Hotly Debated Gun Training Techniques
Terry Nelson 02.11.20
I have been a firearms and tactics trainer for decades now. As you can imagine, hot topics and favored techniques have changed over the years; some are even downright controversial. Without a doubt, most firearms trainers are very opinionated folk! That’s okay, most come by it honestly. What is hard to accept, however, is when I hear a student or another instructor say, “that’s not realistic, I would never do X”. My response is usually something like, okay please explain why? In most cases it is something like, “I only fight like I train”, or “my research shows that is likely to never happen.”
I respect every student/instructor’s opinion and have a firm belief that my way and techniques are not the only way. In fact, I go to great lengths to keep gaining new knowledge. Old dogs can learn new tricks!
While the following list is nothing new, I continue to hear and discuss much debate when it comes to the following training topics in relation to defensive shooting. Where definitions may be unclear, I’ll define what action I associate with each term, its purpose, and my current approach to its integration in defensive pistol training.
The intent of doing a scan after engaging a threat is to visually identify additional threats. It is well-documented that about 50 percent of violent encounters involve two or more attackers. Despite that statistical evidence, many folks argue that the scan is a waste of time and more for show and will never be carried out in the real world under high stress. I believe it is a function of training. If you never practice it you will never perform this tactic if the day comes when you really need it.
I clarify with students they should not take their eyes off a valid threat unless the subject is neutralized, possibly including having done a hasty retreat upon realizing you were not an easy victim. At that point just like in everyday living, you should be aware of your complete surroundings to the extent possible, which means you have to look around, AKA scan.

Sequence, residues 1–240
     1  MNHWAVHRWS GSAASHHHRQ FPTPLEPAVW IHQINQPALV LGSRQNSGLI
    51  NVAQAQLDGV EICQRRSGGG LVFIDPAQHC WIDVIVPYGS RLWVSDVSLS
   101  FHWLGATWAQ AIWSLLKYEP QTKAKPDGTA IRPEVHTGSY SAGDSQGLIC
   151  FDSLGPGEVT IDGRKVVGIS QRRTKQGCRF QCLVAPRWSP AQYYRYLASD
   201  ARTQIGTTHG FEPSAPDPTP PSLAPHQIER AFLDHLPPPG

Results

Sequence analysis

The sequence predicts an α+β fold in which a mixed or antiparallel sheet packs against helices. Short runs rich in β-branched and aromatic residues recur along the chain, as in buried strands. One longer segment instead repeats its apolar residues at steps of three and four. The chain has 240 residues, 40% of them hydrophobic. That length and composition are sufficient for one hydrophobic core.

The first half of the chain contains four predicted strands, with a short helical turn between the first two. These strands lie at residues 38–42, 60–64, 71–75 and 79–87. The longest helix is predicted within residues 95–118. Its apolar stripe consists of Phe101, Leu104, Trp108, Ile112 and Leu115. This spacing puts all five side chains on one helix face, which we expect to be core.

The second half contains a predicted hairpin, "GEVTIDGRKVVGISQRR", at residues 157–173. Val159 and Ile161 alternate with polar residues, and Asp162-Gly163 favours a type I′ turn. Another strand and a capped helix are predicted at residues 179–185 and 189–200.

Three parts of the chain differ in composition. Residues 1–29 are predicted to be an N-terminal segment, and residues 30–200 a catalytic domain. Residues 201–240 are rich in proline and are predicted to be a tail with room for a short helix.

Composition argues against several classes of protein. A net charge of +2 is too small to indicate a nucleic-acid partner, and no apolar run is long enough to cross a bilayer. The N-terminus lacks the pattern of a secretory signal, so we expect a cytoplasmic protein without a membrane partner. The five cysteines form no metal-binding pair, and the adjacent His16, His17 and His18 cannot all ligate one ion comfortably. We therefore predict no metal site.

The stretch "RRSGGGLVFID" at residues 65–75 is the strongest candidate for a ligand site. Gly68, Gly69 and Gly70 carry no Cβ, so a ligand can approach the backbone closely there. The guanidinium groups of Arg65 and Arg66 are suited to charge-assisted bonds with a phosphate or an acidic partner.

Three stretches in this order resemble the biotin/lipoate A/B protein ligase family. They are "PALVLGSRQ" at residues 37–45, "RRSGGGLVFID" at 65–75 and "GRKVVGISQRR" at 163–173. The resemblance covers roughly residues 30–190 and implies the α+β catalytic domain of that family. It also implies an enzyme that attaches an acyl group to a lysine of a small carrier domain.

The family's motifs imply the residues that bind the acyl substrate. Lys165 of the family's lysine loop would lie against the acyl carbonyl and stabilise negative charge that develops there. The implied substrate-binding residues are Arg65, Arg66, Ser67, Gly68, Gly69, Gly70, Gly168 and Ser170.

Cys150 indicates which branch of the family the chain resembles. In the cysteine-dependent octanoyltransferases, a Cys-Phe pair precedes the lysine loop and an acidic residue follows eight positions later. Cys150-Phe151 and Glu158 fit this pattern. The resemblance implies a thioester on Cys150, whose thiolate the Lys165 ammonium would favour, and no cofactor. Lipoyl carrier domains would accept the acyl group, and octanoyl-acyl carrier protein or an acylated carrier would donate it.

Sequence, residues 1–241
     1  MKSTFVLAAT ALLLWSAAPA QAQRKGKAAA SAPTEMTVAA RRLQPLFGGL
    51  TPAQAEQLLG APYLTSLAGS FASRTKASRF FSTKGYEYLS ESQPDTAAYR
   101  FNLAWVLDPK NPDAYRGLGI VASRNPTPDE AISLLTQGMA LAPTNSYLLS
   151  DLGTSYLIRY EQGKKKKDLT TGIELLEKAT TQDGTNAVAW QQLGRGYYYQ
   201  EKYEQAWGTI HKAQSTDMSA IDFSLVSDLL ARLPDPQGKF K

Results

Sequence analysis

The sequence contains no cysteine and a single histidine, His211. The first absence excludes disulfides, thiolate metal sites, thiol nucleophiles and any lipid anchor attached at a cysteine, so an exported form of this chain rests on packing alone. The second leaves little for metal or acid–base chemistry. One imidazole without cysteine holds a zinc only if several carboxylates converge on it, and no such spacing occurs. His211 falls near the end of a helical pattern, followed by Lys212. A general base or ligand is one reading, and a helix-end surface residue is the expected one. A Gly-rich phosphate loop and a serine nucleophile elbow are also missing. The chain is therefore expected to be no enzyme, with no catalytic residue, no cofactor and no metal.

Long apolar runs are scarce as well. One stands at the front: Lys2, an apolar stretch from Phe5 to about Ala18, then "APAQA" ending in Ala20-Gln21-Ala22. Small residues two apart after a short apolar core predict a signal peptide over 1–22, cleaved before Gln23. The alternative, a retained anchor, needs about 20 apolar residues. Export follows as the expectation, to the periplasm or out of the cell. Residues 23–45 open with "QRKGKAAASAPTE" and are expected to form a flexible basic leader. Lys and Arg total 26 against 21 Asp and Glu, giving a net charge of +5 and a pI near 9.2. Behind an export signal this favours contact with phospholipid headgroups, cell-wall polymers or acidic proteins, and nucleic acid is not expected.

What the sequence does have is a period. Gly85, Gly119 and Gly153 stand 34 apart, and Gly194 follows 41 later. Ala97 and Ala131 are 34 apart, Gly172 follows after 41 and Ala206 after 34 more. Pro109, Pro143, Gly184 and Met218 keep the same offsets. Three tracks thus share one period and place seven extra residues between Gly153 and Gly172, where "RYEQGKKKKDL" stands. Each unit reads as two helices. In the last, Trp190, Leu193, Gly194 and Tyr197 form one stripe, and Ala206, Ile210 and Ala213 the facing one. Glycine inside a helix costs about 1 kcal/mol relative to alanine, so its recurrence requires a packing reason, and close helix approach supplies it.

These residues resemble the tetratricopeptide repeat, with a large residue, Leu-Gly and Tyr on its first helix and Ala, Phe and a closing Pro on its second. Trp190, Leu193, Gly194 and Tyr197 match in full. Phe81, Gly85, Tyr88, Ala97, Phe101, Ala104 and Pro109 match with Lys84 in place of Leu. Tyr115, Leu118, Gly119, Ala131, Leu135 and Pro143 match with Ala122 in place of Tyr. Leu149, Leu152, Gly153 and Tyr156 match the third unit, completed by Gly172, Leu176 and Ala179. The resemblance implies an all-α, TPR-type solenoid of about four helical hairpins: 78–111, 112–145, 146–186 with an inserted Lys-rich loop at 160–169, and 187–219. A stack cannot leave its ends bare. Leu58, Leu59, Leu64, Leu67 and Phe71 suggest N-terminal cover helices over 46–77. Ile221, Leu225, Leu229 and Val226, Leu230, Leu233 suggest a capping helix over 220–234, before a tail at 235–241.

To incorporate this into training, the scan should be done with a purpose. I recommend when students come off target that they find an object to the left and to the right and even over their shoulder that they actually look at and identify. In other words, go visually hunting for other possible threats.
The tactical (tac) reload has been the victim of much debate. I once had a security student that advised in his past training and experience a tac reload was not sound and therefore refused to demonstrate the technique even though it was required on his armed security qualification.
The premise behind this skill is simply to exchange a partial magazine with a full one while keeping the partial magazine for use later if needed. I believe the tac reload has a place in both training and in the real world. It goes without saying that a person would not attempt a tac load or magazine exchange while under fire, only if the threat is down or has left the area and you have the luxury of a bit of time to perform a magazine exchange while no immediate threat is present. Still there are those who are adamant this is not a viable option, nevertheless it is an accepted and continued training skill set among law enforcement and military units.
A head shot is commonly defined as a shot aimed at the soft-tissue region of the skull. Really this describes any precision shot intended to land in a target area about the size of a fist, whether in the head or elsewhere. After the church shooting in White Settlement, Texas, there can be little doubt as to the potential need of making a head shot. Still, some view this aspect of training as unnecessary. I could not disagree more. It is interesting to watch someone make consistent center mass shots and then flub the shot to the head zone in training. It takes lots of proper training and good trigger presses to make consistent small zone hits. It should absolutely be a part of your defensive handgun training regimen, if for no other reason than a small target area may be the only one available to you.
Distance shooting with a handgun
Statistics show that about 95 percent of all defensive encounters occur from about seven yards or less. This does not mean you should avoid training out to 25 yards and beyond. Again, the recent shooting in a Texas church required about a 12-yard shot. Providing law enforcement and security qualifications on a regular basis, I see on average 40 to 50 percent of shots from 15 yards to 25 yards missed during qualification standards, yet we continue to enforce the majority of training at seven yards and closer. This standard needs to change for both officers and civilian concealed carry holders.
Drawing and holstering from concealment
Granted, training conducted from concealment holsters or carry methods has an increased risk. Many folks, both trainers and students, refuse to provide or partake in this level of training. While its agreed that drawing and re-holstering from a concealed position needs to be taken slowly and with deliberate supervision from a skilled trainer, it should not be avoided with students that have sufficient skills and safety protocols that are well-established.
I am sure there are other training skills and methods that are hotly criticized and debated. These five are some of the most consistently griped about in my experience. The main thing to remember is that good training leads to confidence and positive results, so get out and train!